If you want to see your grocery budget go through the roof, take a stroll by the meat counter at your favorite grocery store. It seems over the years that the prices on meat, especially beef, have soared sky high. That’s why I’m sharing with you five ways I save on meat.
Some suggest planning your menus around what’s on sale that week. While this might help some, you might find your menus becoming quite boring.
We often see just one cut of meat on sale per week. For instance, one week chicken breast might be priced at less than $2 per pound. The next week, we’ll see pork sirloin for $1.99 per pound.
If you only shop weekly sales, you’ll find yourself eating the same cuts of meat day in and day out.
Some will also suggest going meatless, but if you have meat and potato eaters in your family like I do, that’s not an option. One time I decided to try a new recipe for Meatless Lasagna Rolls. It contained every ingredient you find in traditional lasagna except meat. Hubs took one bit and immediately asked “is there meat in this?”
So what is the answer? Here are five solutions to save on meat that I think you’ll find simple and effective.
Ways to Save on Meat
Going meatless isn’t an option for some of us, but we can eat less meat. Instead of planning meals with meat entrees and side dishes, try preparing casseroles, stews or one skillet meals. These recipes often utilize lesser portions of meat.
You can also stretch meat by adding fillers. I have found when I add breadcrumbs or oatmeal to ground beef, they often take on the same meat flavor. Your family probably won’t even notice. You can also add beans (black beans or kidney beans are my favorites) to appropriate dishes to make your meat go further.
Try these meat stretching recipes:
- Slow Cooker Ham & Northern Beans
- Slow Cooker Hamburger Soup
- Beef and Black Bean Tortilla Stack
- BBQ Meatballs
- Turkey Taco Penne
One of my favorite ways to save on groceries is to practice the Pantry Principle and you can use it to save on meat as well. The pantry principle, simply defined, is stocking your pantry (or in this case your freezer) with what you need at the lowest price you can find.
So if pork sirloin chops are on sale for $1.99/lb one week, I’ll buy as much as my budget will allow. The next week, chicken breast might be on sale for $1.69/lb and I’ll buy as much as I can. See the pattern?
This way my freezer stays stocked with various cuts of meat, all purchased at rock bottom prices. This makes menu planning much easier as well.
You’ll need to keep up with what is a good price per pound. You can do this by keeping a price book which tracks the prices on specific cuts of meat at various stores over a specific period of time. Or you can use a price comparison app like Favado to keep an eye on weekly sale prices.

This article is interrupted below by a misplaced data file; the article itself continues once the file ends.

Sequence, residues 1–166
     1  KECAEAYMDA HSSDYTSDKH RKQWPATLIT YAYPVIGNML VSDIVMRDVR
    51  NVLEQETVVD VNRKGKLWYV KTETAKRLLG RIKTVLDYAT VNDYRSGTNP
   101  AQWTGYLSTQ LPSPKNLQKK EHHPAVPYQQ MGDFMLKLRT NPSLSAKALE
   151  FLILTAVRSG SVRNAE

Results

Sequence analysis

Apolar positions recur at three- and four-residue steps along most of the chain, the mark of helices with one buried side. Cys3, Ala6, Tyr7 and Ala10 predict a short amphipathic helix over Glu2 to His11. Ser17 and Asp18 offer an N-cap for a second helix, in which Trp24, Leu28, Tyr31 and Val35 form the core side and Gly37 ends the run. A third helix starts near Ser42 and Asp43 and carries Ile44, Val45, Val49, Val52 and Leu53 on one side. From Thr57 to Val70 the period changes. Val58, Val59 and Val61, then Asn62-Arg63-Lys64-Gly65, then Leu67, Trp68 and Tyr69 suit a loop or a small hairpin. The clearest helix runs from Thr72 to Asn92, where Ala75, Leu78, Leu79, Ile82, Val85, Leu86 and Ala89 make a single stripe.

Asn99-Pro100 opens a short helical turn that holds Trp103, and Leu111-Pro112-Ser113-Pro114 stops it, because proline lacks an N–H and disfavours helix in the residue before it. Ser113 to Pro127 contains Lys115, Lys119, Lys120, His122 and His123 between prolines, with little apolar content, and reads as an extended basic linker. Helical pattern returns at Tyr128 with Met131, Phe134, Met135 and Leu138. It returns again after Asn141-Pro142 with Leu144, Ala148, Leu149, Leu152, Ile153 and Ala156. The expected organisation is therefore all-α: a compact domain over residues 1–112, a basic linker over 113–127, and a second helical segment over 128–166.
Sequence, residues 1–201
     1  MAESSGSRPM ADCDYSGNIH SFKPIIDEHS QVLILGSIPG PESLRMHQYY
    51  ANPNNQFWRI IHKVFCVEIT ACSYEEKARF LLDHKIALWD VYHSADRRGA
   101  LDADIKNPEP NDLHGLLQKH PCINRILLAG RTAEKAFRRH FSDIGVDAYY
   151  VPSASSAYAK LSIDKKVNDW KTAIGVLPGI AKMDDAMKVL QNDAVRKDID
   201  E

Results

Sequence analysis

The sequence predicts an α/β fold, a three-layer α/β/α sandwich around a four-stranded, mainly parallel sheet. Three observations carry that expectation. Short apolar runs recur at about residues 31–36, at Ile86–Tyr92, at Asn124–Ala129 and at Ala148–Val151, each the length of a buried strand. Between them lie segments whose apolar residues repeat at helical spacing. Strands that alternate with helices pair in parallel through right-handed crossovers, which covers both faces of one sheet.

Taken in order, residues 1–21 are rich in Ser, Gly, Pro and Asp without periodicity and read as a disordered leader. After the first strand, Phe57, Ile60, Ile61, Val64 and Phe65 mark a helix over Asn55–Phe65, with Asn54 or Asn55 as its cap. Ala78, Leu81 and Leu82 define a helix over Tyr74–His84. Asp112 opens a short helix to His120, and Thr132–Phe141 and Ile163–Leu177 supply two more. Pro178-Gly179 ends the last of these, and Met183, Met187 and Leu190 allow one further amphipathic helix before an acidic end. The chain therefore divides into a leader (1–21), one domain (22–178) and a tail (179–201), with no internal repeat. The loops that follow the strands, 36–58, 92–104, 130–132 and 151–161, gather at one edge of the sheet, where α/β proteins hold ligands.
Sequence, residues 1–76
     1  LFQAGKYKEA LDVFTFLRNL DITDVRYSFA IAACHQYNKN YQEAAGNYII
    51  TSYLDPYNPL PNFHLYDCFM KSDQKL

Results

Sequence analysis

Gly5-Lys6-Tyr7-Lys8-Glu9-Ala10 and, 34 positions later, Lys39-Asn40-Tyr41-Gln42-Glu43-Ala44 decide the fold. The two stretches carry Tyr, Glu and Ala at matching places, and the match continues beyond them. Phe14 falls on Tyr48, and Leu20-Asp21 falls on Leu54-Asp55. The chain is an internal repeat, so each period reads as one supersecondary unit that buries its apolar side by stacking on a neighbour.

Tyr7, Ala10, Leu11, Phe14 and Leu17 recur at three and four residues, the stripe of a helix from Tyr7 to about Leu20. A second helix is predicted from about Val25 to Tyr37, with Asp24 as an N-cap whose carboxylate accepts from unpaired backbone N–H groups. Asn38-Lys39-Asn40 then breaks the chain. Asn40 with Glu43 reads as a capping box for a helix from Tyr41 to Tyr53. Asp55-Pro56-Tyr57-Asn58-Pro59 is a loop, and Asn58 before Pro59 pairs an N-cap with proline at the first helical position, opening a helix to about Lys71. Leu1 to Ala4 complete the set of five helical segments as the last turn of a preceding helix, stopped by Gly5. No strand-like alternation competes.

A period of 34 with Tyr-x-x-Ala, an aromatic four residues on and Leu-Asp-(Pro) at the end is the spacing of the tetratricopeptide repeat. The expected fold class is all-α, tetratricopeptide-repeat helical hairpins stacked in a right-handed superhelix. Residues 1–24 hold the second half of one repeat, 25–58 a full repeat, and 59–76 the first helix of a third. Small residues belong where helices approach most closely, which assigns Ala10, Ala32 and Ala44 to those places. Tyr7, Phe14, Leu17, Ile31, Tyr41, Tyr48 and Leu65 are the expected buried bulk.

You can save a ton of money on meat by watching for price reducing patterns or speaking to the meat cutter at your favorite stores to find out when they mark down the meat.
I’ve found that many stores will reduce prices on meat right after the weekend, so if you shop on Monday morning you can stock your freezer with great deals. Also, after the holidays, many stores will mark down whole turkeys and other “holiday” cuts of meat.
When buying reduced meats, just make sure to repackage and freeze right away so it doesn’t spoil.
Buy Larger Quantities
It can be time consuming to repackage value packs of meat for the freezer, but you can save between $1-$2 per pound by buying larger packages or family packs of meat.
You can also save quite a bit by purchasing cases of meat from direct sales companies like Zaycon Foods. Because direct sales companies cut out the middle man, they can not only offer lower prices, but the meat comes to you fresher. I buy almost all of my ground beef, chicken breast and bacon from Zaycon.
Avoid Convenience Cuts
Grocery stores give a huge markup to what I call “convenience cuts” of meat. These are the meats that are already cut or seasoned for specific dishes like stew, fajitas and stir fry. I’ve found that these specialty cuts are often priced as much as $2/lb more than their whole counterparts.
I suggest buying the whole versions and cutting, slicing or chopping yourself.
I wanted to make carne asada for some tacos one week, but the pre-cut and marinated carne asada in the butcher’s counter was $6.98/lb. I need two pounds for my family of 7 which totals $13.96. Instead, I found a beef roast on sale for $4.58/lb, sliced it thin, seasoned and marinated it myself. My total cost was reduced to just $9.16 which saved me almost $5.
Thick cut New York Chops are regularly priced at over $4 per lb. Sometimes they go on sale for $2.49/lb. However, many times you can buy a whole pork loin for as low as $1.79/lb and then slice it up into thick chops yourself.
Changing the way you shop can be a bit overwhelming, especially if you try to take on too much at once. Consider picking two of the ideas in this article and implementing them into your weekly shopping habits. Over time, you’ll be able to add the other ideas to your routine and I guarantee your grocery budget will decrease. Or worse case scenario, your freezer will be overflowing.